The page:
Here is a simple example. Say an investor wants to invest 300 and wants the best rate so agrees to a 3 year lock. Every three years, the investor needs to refigure what their liquidity needs are for the forward three years and recalibrate their investment. This is annoying. The investor could do the clever alternative of investing 100 a year in each of the next 3 years in a “laddering” approach that will in effect result in 1/3 of the capital unlocking every year thereafter. This is better than the prior situation for the investor because now there is always access to at least 33% of the capital in any given year. However, it is a bit annoying to implement for the investor. So the best way to give the fund/protocol the equivalent predictability over the funds under management while at the same time giving the investor access to some of their liquidity is to substitute a 1/3 per year liquidity provision in place of a 3 year lock-up. To the fund, the duration of capital is extended and equivalent to a 3 yr lock under a constant rate of capital flows. The investor likes this better too because now the investor always has access to some percent of their capital in any given year and don’t have to worry or spend as much time trying to manage their liquidity.
Two simple examples for how this would work:
Investor puts in 500 under a 3yr equivalent duration structure. The investor can collect the sweet higher yields of say 20% for providing patient capital. However, when the investor wants to redeem the money, they would be able to get 1/3 in the first year, 1/2 of the remainder in the second year and 1/1 in the final year. The investor knows that in any given year, they can access at a minimum 1/3 of their capital. So if they borrow and need to refortify the collateral, they know that a minimum of 33% of capital can be accessed for liquidity purposes. This makes the option more attractive than an alternative where liquidity is needed but there is still say 1 year remaining on the “vesting” of their anchor investment before they can tap any liquidity. Or if not a degen, the investor might be willing to put more in anchor knowing that they can always redeem at least 1/3 for whatever life emergency comes up.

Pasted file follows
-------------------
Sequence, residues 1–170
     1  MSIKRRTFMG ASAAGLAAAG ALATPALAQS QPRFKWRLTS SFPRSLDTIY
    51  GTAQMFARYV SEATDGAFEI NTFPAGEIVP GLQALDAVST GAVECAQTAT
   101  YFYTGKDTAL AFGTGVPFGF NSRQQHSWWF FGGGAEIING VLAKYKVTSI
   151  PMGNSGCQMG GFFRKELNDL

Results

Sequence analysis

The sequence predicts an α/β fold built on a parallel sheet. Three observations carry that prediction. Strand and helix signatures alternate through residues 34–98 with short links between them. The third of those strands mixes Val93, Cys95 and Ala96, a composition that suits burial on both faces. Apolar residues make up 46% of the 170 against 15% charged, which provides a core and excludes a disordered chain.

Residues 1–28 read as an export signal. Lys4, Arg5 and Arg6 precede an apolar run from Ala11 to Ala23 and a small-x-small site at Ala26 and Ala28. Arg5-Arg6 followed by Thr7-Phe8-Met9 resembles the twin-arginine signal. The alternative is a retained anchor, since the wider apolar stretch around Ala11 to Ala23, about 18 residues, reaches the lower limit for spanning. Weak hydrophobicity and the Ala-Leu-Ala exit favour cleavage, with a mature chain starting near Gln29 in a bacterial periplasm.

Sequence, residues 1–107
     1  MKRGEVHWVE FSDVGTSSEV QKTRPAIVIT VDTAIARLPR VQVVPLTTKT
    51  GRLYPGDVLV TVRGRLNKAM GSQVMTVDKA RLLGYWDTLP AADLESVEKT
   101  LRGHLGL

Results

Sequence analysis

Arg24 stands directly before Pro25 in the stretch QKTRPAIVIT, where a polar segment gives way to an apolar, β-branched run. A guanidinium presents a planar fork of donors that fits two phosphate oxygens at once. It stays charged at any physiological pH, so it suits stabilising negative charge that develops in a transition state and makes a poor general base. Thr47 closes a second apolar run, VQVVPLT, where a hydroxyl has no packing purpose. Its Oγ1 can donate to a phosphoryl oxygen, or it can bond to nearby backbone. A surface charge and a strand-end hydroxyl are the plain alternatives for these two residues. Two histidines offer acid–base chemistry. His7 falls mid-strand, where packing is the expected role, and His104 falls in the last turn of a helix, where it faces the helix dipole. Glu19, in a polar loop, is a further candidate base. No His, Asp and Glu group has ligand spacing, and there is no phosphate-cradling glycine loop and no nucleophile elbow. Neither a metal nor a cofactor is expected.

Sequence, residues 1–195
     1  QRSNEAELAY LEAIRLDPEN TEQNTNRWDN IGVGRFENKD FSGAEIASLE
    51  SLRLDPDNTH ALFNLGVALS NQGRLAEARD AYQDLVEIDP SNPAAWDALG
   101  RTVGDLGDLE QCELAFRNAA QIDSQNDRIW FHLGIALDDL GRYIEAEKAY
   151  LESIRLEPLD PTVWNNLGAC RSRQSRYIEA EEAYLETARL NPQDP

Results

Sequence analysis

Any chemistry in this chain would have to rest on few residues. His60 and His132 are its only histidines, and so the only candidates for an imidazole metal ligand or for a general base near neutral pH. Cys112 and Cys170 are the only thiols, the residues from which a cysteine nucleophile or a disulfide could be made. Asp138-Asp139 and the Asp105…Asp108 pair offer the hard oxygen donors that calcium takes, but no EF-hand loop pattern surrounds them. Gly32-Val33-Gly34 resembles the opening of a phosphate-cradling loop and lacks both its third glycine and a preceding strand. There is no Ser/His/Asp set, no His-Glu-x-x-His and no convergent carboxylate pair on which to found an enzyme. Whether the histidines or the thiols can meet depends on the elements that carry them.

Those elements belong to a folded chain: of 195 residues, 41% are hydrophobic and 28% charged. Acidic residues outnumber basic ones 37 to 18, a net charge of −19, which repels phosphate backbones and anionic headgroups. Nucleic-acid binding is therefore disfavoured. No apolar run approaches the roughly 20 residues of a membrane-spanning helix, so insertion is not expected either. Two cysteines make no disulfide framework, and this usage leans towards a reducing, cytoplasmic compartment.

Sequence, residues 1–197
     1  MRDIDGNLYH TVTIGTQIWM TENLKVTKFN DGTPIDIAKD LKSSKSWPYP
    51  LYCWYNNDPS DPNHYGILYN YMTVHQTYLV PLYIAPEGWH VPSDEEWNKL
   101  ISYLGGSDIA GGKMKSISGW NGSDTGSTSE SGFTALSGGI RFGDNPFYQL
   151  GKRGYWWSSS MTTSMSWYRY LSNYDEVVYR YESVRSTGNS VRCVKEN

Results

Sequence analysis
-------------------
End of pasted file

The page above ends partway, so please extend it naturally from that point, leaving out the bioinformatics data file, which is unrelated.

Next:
Say an investor puts in 200. Redemption would be 1/2 in the first year the investor wants to redeem and 1/1 in the second year the investor wants to redeem.
This properly values and rewards users who vest in the long-term project stability of anchor.
This is what I originally backed and came up with @e-gons a few months ago in this forum post Authorize use of emergency community funds if reserves run out - #31 by bitn8. It’s essentially a tax for removing funds from the pool too soon. It was decided that a tax would need terra votes and @e-gons proposed this yield curve as a way to get a similar result as a tax. We tried to push it but it gained no traction. I hope it is gaining traction now.
Here again to say yes
i Think, saver and borrower need arrage, one person need point credit to receive promote about interest rate for saving and borrow
Any update on this. Community what’s your thoughts?
Since it’s come a few times in other threads I think what @ryanology045 suggested is probably the most effective way to gate keep deposits, set the stage for making UST that is deposited more productive by being locked up, as well as giving ANC some meaningful value.
To me this should be higher up on the list than cross chain borrowing. As mentioned in other threads I don’t think it’s going to have the positive effect everyone is hoping for. And even if it is does, it will be temporary and we’ll resume the same trend we’re seeing.